9. I would be fascinated to hear from any patients or ex-patients who have experienced a birth primal. I am particularly interested in the conscious perception of the pain, rather than the pain itself. Did you find it easy or hard to pull out of the feeling? Did you know you were primalling?

    I am not asking because I am afraid. I am asking because I am curious, and I am hoping I will be able to do it.

    If anyone wants to reply, I would appreciate it very much.

    - Richard


Review of "Beyond Belief"

This thought-provoking and important book shows how people are drawn toward dangerous beliefs.
“Belief can manifest itself in world-changing ways—and did, in some of history’s ugliest moments, from the rise of Adolf Hitler to the Jonestown mass suicide in 1979. Arthur Janov, a renowned psychologist who penned The Primal Scream, fearlessly tackles the subject of why and how strong believers willingly embrace even the most deranged leaders.
Beyond Belief begins with a lucid explanation of belief systems that, writes Janov, “are maps, something to help us navigate through life more effectively.” While belief systems are not presented as inherently bad, the author concentrates not just on why people adopt belief systems, but why “alienated individuals” in particular seek out “belief systems on the fringes.” The result is a book that is both illuminating and sobering. It explores, for example, how a strongly-held belief can lead radical Islamist jihadists to murder others in suicide acts. Janov writes, “I believe if people had more love in this life, they would not be so anxious to end it in favor of some imaginary existence.”
One of the most compelling aspects of Beyond Belief is the author’s liberal use of case studies, most of which are related in the first person by individuals whose lives were dramatically affected by their involvement in cults. These stories offer an exceptional perspective on the manner in which belief systems can take hold and shape one’s experiences. Joan’s tale, for instance, both engaging and disturbing, describes what it was like to join the Hare Krishnas. Even though she left the sect, observing that participants “are stunted in spiritual awareness,” Joan considers returning someday because “there’s a certain protection there.”
Janov’s great insight into cultish leaders is particularly interesting; he believes such people have had childhoods in which they were “rejected and unloved,” because “only unloved people want to become the wise man or woman (although it is usually male) imparting words of wisdom to others.” This is just one reason why Beyond Belief is such a thought-provoking, important book.”
Barry Silverstein, Freelance Writer

Quotes for "Life Before Birth"

“Life Before Birth is a thrilling journey of discovery, a real joy to read. Janov writes like no one else on the human mind—engaging, brilliant, passionate, and honest.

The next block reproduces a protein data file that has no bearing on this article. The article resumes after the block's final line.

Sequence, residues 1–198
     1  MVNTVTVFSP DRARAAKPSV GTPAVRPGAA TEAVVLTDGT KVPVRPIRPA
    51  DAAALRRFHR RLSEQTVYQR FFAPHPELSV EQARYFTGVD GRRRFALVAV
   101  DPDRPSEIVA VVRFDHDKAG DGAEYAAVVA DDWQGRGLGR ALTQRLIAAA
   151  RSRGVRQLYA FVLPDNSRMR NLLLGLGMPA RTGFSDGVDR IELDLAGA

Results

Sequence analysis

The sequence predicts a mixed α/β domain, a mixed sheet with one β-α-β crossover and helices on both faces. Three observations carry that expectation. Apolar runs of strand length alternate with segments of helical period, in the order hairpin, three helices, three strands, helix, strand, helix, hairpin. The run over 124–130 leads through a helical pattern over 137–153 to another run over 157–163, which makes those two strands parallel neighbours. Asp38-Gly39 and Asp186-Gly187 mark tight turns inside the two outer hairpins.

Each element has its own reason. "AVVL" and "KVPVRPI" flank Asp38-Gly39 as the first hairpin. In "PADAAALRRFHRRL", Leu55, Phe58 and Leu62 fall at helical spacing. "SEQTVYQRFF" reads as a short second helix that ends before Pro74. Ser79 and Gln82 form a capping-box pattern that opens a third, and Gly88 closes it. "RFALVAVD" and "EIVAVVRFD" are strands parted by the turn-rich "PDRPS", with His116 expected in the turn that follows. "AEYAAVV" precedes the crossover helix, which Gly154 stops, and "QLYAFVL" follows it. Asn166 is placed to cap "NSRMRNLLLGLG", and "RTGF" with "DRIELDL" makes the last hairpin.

He is the best writer today on what makes us human—he shows us how the mind works, how it goes wrong, and how to put it right . . . He presents a brand-new approach to dealing with depression, emotional pain, anxiety, and addiction.”
Paul Thompson, PhD, Professor of Neurology, UCLA School of Medicine

Art Janov, one of the pioneers of fetal and early infant experiences and future mental health issues, offers a robust vision of how the earliest traumas of life can percolate through the brains, minds and lives of individuals. He focuses on both the shifting tides of brain emotional systems and the life-long consequences that can result, as well as the novel interventions, and clinical understanding, that need to be implemented in order to bring about the brain-mind changes that can restore affective equanimity. The transitions from feelings of persistent affective turmoil to psychological wholeness, requires both an understanding of the brain changes and a therapist that can work with the affective mind at primary-process levels. Life Before Birth, is a manifesto that provides a robust argument for increasing attention to the neuro-mental lives of fetuses and infants, and the widespread ramifications on mental health if we do not. Without an accurate developmental history of troubled minds, coordinated with a recognition of the primal emotional powers of the lowest ancestral regions of the human brain, therapists will be lost in their attempt to restore psychological balance.
Jaak Panksepp, Ph.D.
Bailey Endowed Chair of Animal Well Being Science
Washington State University

Dr. Janov’s essential insight—that our earliest experiences strongly influence later well being—is no longer in doubt. Thanks to advances in neuroscience, immunology, and epigenetics, we can now see some of the mechanisms of action at the heart of these developmental processes. His long-held belief that the brain, human development, and psychological well being need to studied in the context of evolution—from the brainstem up—now lies at the heart of the integration of neuroscience and psychotherapy.